In my urban neighborhood of the Lower Haight, Spring arrives with suitcases in hand. She opens one, and out flies the finch people and the townsend warblers, who alight on branches of Japanese Plums throughout the city. As they sing their heart stiching songs, their magic spells to call forth a mate, the lock on the other suitcase pops open. Spring reaches in her hand and tosses something up into the sky. And suddenly, every street is decorated with absurd and ridiculous blossoms, the first arrivals to a party who set the bar for the rest of the guests. It’s knockout frills, or nothin.
On my backporch, I pull up the over-abundant chickweed, harvest the Miner’s Lettuce for dinner, and dump out old soil from the biggest pots. I sift through my seeds from last year and tuck them under a light envelope of dirt, the invitations to my own party…the one I hope will really get rowdy come Summer. The hummingbird is back, and made a point of letting me know that 1. This is HER sage and 2. The feeder is empty, hmmmmm? I come back the next morning to discover that the Raccoon family from next door is alive and well, and fill in the deeply impressed paw prints they have left all over my little garden.
I look up, my attention pulled to the sky by the cry of a hawk. Of two hawks.
They are dancing, whether in mating or territorial displays, I’m not sure.
The volunteer stinging nettle in the garden next door slaps my hand for my sleepy lack of attention. I feel the venom creeping through my fingers like tiny fire ants, and I recognize the same fire in my heart, ready for another year of seeds, blossoming, fruiting. Somewhere in my ancestral memory, I can hear the animals in the forest stirring, the howling of wolves at night, the whimpering of cubs by day. Lupa the she-wolf stirs in the den of my heart, fierce, pacing, protective.
We kind of sprung Valentine’s Day on Fern, and I don’t think she has much sense of what it’s all about, except that suddenly it’s heart everything and Mama bough some raw cacao, which probably means treats. In looking for Vday crafts, I decided to bring back those melted crayon and wax paper memories.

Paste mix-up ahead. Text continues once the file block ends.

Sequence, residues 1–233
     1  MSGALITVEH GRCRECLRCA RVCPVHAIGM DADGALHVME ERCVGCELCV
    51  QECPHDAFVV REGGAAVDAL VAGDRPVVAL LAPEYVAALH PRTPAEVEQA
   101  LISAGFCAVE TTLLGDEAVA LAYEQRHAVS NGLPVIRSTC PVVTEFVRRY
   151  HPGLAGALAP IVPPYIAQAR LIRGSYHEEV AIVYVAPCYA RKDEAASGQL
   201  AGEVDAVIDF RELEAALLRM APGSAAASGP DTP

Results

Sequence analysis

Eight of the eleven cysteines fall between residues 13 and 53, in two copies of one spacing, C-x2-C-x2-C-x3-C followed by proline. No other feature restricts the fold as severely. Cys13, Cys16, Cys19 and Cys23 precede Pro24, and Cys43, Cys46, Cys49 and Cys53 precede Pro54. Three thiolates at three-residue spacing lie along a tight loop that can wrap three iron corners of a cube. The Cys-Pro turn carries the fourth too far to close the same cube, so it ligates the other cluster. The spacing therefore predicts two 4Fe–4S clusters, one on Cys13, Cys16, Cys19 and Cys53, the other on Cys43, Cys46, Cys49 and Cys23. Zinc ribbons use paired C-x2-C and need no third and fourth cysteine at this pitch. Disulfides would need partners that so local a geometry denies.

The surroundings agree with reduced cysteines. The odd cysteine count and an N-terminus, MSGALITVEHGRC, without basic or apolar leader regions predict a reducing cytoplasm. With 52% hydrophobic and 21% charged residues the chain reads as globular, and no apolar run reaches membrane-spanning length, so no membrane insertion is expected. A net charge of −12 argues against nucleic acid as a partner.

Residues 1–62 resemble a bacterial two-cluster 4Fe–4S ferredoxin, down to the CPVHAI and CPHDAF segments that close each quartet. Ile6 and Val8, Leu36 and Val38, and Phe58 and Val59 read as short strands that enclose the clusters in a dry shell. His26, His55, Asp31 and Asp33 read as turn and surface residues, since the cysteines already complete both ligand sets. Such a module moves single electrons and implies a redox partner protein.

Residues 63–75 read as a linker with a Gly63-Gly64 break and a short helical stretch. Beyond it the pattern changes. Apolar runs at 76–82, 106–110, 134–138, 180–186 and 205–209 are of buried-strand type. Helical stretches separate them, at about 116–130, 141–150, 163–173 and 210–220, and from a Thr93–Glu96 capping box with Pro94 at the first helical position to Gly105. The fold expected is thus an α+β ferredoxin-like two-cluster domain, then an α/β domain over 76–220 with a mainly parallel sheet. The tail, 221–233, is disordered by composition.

They came out great. Except that I should have cut them out in the shape of anatomical hearts, complete with aortas, to match the bloody realism.
Thankfully, the kids were just super stoked to stick stuff all over the windows.
I couldn’t cut them out fast enough.
Outfit: All thrifted except for super rad feather clip from Milla and tights and boots from Target.
I’m also attempting to make a heart basket banner, and hope to finish it today. I have visions of each basket stuffed with chocolate goodness on Valentine’s morning. We’ll see if that actually happens.
To all the wolves of the world for lending their good name as a tangible symbol for our darkness
Like so many things in our amnesiac culture with its lack of roots, we no longer remember how it was to co-evolve with other animal beings. Our holidays come and go with vague references to an earlier time, a nod to the victorians with lace on a heart, a nod to the Celts with a mask on halloween. But part of us knows, those silent cellular recollections, an ache in our bones, a wistfulness for something we cannot name.
Several of my friends are currently going through the gauntlet of separation or divorce. Wolves that had slumbered for too long have awakened and tear through the hallways of the family home, wreaking deliberate havoc. As the world around them celebrates with Russel Stover and mass produced sentiments, I want to offer them the sustenance of the heart on fire. Of bawdy bird song and The Hunt. Of dances in flight, a combination of territorial boundary setting and also the expression of sexuality untamed. If the civilization of your life collapses, then may you find the true satisfaction of going wild, going feral.
May you hear the quiet growl of your true heart.
Yes, it’s hard love, but it’s love all the same
Not the stuff of fantasy, but more than just a game
And the only kind of miracle that’s worthy of the name
For the love that heals our lives is mostly hard love. B. Franke